Statistics from Altmetric.com
Question For hospital patients who are severely ill, is self reported depression associated with mortality after adjusting for functional status and severity of illness?
Cohort study with 4 year follow up (Study to Understand Prognoses and Preferences for Outcomes and Risks of Treatments [SUPPORT]).
5 tertiary teaching hospitals in the US.
3529 patients (median age 63 y, median education level 12 y, 58% men, 78% white, 52% married) admitted to hospital with a serious illness. The projected 6 month survival for the group was 50%. Exclusion criteria were not speaking English; having AIDS, head trauma, or burns; being pregnant; <18 years old; expected hospital admission <72 hours; death within 48 hours of admission; or transfer from another hospital.
Assessment of risk factors
Depressed mood was measured using the shortened version of the Profile of Mood States depression scale. Severity of illness was measured by the acute physiology subscale of the Acute Physiology and Chronic Health Evaluation (APACHE) III scale, number of comorbid conditions present at hospital admission, and a study specific scale that used clinical indicators (SUPPORT model). Other risk factors were age, sex, marital status, years of education, activities of daily living, and primary diagnosis.
Main outcome measure
Patients and families were contacted and national databases were used to calculate survival time from date of admission to the study.
More serious depression was associated with younger age (p≤0.001), worse levels of physical functioning (p=0.001), and greater severity of illness (p=0.001). When all risk factors were simultaneously entered into a hazards model predicting survival, self reported depressed mood was independently related to increased mortality as were being a man, more comorbid illnesses at baseline, decreased activities of daily living, increased age and 6 month estimate of survival (table).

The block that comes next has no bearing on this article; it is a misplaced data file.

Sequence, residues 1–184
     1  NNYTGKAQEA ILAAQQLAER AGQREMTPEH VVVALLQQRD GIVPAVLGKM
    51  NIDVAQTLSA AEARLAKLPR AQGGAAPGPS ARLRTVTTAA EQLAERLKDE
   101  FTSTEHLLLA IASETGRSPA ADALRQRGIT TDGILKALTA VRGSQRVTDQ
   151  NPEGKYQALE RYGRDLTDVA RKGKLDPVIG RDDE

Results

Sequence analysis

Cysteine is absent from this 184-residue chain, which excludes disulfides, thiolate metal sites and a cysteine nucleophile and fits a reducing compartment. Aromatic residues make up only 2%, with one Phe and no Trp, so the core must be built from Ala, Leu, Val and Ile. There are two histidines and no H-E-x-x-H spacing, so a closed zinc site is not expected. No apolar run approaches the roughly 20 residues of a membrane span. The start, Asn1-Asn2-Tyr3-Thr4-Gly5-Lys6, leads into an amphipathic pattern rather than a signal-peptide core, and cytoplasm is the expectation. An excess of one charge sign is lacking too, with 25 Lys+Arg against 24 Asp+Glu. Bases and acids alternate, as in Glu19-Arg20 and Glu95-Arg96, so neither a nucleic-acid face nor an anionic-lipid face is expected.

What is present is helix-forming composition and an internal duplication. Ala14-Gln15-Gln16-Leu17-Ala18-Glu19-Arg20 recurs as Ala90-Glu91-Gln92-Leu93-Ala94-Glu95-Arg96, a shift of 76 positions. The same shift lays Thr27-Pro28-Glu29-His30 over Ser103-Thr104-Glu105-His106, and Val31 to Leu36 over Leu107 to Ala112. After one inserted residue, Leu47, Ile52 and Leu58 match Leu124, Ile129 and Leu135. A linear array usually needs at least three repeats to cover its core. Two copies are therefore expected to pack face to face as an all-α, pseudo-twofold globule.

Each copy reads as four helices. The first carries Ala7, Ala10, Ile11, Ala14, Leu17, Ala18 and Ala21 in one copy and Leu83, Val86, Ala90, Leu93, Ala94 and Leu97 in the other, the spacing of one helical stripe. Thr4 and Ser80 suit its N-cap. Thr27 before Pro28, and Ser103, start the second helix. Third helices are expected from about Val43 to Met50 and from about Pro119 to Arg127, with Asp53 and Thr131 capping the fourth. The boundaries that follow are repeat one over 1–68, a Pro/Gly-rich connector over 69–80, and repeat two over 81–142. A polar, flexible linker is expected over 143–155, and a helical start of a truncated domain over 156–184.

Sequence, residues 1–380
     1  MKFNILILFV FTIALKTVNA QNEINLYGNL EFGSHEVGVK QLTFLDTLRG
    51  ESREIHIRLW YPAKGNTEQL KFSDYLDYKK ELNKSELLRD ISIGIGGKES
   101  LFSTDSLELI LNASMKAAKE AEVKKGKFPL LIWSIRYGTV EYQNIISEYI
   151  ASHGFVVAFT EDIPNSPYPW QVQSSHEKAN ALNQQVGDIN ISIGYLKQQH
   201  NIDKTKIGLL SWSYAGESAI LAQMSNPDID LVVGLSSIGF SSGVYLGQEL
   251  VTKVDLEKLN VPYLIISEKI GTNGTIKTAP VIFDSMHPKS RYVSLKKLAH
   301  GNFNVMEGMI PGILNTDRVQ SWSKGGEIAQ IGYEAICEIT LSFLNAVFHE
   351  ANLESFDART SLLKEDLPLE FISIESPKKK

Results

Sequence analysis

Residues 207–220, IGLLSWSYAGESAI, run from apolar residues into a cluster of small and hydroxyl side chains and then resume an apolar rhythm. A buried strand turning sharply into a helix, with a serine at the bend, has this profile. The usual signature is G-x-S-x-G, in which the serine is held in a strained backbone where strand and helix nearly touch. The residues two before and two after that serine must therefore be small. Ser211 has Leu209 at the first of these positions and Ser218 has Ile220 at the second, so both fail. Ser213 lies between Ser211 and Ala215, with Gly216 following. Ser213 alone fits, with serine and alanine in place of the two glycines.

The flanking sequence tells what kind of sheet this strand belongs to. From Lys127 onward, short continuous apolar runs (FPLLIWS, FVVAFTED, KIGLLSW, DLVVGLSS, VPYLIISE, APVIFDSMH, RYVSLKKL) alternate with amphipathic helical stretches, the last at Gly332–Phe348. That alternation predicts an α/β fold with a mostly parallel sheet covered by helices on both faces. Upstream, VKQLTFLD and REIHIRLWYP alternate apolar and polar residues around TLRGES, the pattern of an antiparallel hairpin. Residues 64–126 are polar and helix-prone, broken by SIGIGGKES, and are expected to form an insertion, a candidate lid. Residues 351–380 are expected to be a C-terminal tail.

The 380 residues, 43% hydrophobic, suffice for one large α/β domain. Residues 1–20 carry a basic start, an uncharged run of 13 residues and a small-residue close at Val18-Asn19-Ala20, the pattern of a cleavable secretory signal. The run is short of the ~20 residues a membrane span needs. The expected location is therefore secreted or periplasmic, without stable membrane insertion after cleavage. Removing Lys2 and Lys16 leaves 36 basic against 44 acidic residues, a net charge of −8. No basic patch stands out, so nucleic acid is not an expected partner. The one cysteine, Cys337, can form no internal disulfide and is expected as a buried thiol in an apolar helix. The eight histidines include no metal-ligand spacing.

Depressed mood was independently related to mortality of hospital patients after adjusting for severity of illness, physical functioning, and patient characteristics.
Previous research has shown that depression, poor functional status, and severity of illness are associated with mortality.1 It has been unclear, however, whether depression is independently associated with mortality or whether it is simply closely associated with disease severity. The study by Roach et al makes 2 important contributions: firstly, it confirms that poor functional status and greater severity of illness are indeed associated with worse depressed mood scores; and secondly, it determines that depressed mood has an independent effect on mortality. They found that with every unit increase in depressed score (range of scores: 0–4 with higher score signifying more depression) the odds of mortality increased by 13%.
Strengths of the study are (1) the inclusion of a demographically and medically diverse group of acutely ill hospital patients which increases the generalisability of the study findings and (2) the use of a powerful statistical model that permitted testing of the independent effect of depression on survival. Limitations were the exclusion of patients who were too severely ill to complete the depression interview, and the inability to make a causal link between depression and mortality because data regarding depression were not collected before hospital admission.
Rather than attempting to diagnose depression in terms of psychiatric illness, Roach et al have tested the hypothesis that feeling depressed can affect recovery. They attempt to consider the patient as an entity rather than as a condition. The depressed mood inventory takes only a few minutes to apply and is easy to score. It determines the extent to which patients feel unhappy, sad, blue, hopeless, discouraged, miserable, helpless, and worthless. The authors have shown that a simple inventory can assess depressed mood and identify those severely ill hospital patients at increased risk of mortality. Further research is needed to determine whether interventions aimed at relieving depression in these patients reduces the risk of death.
Source of funding: Robert Wood Johnson Foundation.
For correspondence: Dr M J Roach, Spinal Cord Research, Rammelkamp Building R230, MetroHealth Medical Center, 2500 MetroHealth Drive, Cleveland, OH 44109–1998, USA. Fax +1 216 778 8782.
If you wish to reuse any or all of this article please use the link below which will take you to the Copyright Clearance Center’s RightsLink service. You will be able to get a quick price and instant permission to reuse the content in many different ways.